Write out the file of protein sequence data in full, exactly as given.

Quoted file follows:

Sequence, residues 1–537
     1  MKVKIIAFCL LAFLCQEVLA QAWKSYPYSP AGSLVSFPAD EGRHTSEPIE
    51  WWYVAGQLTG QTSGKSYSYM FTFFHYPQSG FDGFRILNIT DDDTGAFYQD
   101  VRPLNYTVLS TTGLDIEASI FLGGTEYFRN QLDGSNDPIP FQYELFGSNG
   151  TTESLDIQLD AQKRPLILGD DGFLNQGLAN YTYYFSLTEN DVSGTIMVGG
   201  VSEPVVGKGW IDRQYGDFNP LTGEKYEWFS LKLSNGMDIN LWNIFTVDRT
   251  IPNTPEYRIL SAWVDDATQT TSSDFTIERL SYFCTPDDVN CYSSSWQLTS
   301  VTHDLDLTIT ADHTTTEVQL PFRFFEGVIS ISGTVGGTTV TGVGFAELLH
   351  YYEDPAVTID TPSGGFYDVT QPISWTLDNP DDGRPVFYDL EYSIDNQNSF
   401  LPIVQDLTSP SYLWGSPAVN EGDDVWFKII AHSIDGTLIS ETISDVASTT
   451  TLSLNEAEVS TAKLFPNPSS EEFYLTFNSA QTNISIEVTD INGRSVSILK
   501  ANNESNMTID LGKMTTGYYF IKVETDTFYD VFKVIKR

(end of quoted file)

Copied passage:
Sequence, residues 1–537
     1  MKVKIIAFCL LAFLCQEVLA QAWKSYPYSP AGSLVSFPAD EGRHTSEPIE
    51  WWYVAGQLTG QTSGKSYSYM FTFFHYPQSG FDGFRILNIT DDDTGAFYQD
   101  VRPLNYTVLS TTGLDIEASI FLGGTEYFRN QLDGSNDPIP FQYELFGSNG
   151  TTESLDIQLD AQKRPLILGD DGFLNQGLAN YTYYFSLTEN DVSGTIMVGG
   201  VSEPVVGKGW IDRQYGDFNP LTGEKYEWFS LKLSNGMDIN LWNIFTVDRT
   251  IPNTPEYRIL SAWVDDATQT TSSDFTIERL SYFCTPDDVN CYSSSWQLTS
   301  VTHDLDLTIT ADHTTTEVQL PFRFFEGVIS ISGTVGGTTV TGVGFAELLH
   351  YYEDPAVTID TPSGGFYDVT QPISWTLDNP DDGRPVFYDL EYSIDNQNSF
   401  LPIVQDLTSP SYLWGSPAVN EGDDVWFKII AHSIDGTLIS ETISDVASTT
   451  TLSLNEAEVS TAKLFPNPSS EEFYLTFNSA QTNISIEVTD INGRSVSILK
   501  ANNESNMTID LGKMTTGYYF IKVETDTFYD VFKVIKR